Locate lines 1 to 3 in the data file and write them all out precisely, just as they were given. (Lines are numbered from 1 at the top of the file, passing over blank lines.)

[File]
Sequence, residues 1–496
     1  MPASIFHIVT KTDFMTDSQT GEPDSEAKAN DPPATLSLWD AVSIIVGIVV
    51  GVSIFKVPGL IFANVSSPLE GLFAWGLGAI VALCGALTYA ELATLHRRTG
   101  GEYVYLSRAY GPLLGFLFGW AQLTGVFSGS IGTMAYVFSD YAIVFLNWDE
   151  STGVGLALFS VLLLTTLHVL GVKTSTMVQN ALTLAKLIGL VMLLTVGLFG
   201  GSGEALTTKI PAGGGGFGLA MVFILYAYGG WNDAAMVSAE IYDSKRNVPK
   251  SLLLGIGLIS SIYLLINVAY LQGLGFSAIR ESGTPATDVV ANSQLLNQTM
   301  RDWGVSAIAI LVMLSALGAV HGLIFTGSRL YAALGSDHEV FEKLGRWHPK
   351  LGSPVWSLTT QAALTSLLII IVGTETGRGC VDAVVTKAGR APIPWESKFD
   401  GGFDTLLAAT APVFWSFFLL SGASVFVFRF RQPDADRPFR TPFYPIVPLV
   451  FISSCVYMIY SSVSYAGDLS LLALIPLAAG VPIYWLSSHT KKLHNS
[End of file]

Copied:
Sequence, residues 1–496
     1  MPASIFHIVT KTDFMTDSQT GEPDSEAKAN DPPATLSLWD AVSIIVGIVV
    51  GVSIFKVPGL IFANVSSPLE GLFAWGLGAI VALCGALTYA ELATLHRRTG